Emeritus, In Memoriam
Lyle Irving Olsen was born in 1929 in the state of Iowa, the son of father Hans Nikoli Olsen, an immigrant from Denmark, and Verna Leon Greeley, a native of Iowa. Lyle had one sibling, sister Jean Velva Olsen. Hans Olsen worked as an electrician.
After high school, where he was a three-sport star, including baseball, Lyle went to Chico State where he starred in baseball. He received his Bachelor’s degree in Physical Education and also married Elizabeth Van den Bosch in 1951. He began his minor league baseball career when signed by the Brooklyn Dodgers. He played shortstop and second base.
He was drafted into the U.S. Army in July 1951 to serve during the Korean War. He was released in June 1953, in time to play in the 1953 baseball season. He retired from organized baseball after the 1958 season. During his baseball days, he also had completed his M.A. degree at Chico State.
Lyle was Assistant Baseball Coach at Columbia University from 1958 to 1960 and at Queens College from 1960 to 1961. He received his Doctorate degree (Ed.D.) from Columbia University and was appointed by San Diego State as Assistant Professor in 1961. He served as Head Baseball Coach from 1965 to 1971. After 1971 he remained on the faculty at SDSU, but also coached baseball at the University of California, San Diego until 1978.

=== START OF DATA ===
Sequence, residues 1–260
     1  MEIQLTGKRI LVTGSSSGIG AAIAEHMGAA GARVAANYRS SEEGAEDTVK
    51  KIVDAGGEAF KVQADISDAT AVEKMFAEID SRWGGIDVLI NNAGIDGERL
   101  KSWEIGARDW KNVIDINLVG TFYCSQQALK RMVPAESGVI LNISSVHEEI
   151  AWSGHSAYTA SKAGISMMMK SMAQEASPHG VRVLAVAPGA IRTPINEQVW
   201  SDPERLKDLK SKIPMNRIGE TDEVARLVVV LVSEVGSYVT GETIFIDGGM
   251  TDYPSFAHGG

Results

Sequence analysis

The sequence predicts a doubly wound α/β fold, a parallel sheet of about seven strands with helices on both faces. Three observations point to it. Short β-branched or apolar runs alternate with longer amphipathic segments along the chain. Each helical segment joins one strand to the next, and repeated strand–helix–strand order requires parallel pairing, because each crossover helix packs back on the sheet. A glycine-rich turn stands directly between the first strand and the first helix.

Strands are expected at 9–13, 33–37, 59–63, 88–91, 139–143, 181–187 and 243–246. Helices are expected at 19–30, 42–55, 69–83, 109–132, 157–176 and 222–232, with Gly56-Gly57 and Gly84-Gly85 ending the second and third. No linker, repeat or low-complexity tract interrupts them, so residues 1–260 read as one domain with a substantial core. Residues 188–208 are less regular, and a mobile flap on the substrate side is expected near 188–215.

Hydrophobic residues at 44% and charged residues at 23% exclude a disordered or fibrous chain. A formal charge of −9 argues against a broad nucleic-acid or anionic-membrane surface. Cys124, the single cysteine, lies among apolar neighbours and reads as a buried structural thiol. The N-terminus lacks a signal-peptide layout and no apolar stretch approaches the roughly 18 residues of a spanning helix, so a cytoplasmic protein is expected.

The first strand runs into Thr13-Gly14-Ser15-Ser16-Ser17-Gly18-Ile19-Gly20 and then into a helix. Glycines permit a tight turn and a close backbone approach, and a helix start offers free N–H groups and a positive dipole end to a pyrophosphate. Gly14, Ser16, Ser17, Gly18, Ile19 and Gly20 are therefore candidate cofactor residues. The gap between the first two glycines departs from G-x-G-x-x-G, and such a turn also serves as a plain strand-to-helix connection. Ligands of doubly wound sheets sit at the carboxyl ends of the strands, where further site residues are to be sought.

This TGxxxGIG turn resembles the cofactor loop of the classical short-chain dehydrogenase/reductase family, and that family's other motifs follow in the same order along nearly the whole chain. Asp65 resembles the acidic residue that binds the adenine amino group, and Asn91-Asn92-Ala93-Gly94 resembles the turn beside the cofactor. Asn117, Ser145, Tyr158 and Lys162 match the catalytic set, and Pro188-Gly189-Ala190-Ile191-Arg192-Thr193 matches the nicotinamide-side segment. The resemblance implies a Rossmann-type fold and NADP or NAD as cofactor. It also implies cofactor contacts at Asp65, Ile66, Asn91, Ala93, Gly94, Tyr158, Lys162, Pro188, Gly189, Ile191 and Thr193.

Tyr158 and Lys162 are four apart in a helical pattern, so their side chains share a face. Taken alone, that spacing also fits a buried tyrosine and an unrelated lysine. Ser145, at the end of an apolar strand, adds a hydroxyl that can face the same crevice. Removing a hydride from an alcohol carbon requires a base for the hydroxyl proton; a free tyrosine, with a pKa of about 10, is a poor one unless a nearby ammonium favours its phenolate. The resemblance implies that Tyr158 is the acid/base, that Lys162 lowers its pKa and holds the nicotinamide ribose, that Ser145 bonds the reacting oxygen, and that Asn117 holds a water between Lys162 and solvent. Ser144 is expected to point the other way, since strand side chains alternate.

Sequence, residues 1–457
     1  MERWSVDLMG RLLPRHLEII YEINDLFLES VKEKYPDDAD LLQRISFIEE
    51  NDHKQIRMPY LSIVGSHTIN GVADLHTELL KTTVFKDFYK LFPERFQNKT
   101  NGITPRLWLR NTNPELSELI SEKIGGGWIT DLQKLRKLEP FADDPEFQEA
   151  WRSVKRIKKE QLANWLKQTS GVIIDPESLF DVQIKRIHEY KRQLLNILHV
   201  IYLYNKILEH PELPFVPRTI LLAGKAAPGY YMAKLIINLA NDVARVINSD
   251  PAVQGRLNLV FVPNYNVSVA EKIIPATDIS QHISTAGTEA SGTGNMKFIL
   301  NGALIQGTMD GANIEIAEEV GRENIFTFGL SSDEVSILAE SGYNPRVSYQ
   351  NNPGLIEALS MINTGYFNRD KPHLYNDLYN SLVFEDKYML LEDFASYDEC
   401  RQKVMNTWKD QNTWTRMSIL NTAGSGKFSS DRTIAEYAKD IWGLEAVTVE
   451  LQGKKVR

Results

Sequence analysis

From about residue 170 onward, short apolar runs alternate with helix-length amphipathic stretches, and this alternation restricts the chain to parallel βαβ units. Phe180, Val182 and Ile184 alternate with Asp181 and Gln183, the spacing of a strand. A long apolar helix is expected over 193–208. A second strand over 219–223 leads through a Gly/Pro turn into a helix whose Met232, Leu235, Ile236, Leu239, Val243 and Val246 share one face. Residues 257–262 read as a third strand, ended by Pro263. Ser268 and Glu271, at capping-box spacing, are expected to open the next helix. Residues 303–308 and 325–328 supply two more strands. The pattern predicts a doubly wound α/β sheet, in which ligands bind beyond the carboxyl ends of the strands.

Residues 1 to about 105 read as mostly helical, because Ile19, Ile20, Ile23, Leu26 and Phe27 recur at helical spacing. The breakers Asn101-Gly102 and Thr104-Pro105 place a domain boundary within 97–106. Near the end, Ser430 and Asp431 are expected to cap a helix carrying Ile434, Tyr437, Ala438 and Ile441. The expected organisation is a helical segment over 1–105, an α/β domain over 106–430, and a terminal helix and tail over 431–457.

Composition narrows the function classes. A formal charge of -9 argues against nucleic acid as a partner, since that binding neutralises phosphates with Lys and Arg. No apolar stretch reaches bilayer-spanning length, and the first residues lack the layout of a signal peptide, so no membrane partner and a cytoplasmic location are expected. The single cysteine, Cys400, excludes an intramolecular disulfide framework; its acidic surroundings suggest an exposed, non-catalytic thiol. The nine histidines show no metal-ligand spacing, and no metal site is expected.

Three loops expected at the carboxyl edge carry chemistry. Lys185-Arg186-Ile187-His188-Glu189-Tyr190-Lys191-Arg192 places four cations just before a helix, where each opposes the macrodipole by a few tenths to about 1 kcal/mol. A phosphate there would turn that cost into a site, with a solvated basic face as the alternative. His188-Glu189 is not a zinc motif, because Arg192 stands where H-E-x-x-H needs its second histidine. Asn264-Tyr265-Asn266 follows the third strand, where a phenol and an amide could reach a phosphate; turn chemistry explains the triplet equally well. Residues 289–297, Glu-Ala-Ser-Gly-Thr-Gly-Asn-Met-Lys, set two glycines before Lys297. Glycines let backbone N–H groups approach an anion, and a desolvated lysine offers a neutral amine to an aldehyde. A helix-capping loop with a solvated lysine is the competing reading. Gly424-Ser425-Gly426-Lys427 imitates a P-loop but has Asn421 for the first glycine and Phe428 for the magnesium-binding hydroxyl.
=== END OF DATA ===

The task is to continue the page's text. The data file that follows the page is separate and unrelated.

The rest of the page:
Lyle was a creative thinker and was Founder of The Sport Literature Association in 1983, devoted to the study of sport in literature and culture. The purpose of the organization was “to encourage, stimulate, and foster the alliance of sport with the humanities.” Other SDSU faculty were also involved, including English and Comparative Literature Professor Alfred F. Boe, and colleagues on the Physical Education faculty (Ralph M. Grawunder, Richard Wells), and faculty from other U.S. campuses.
Lyle retired from SDSU in 1989 and moved to East Tennessee State University where he was an adjunct professor. He died in 2000 at age 70 and left his legacy, the Sports Literature Association, intact. It still exists as a viable organization in 2014. The publication is called Aethlon: Journal of Sports Literature, a scholarly journal.
One report indicated he left behind second wife Phyllis Anne and three sons Erik, Newls, and Leif.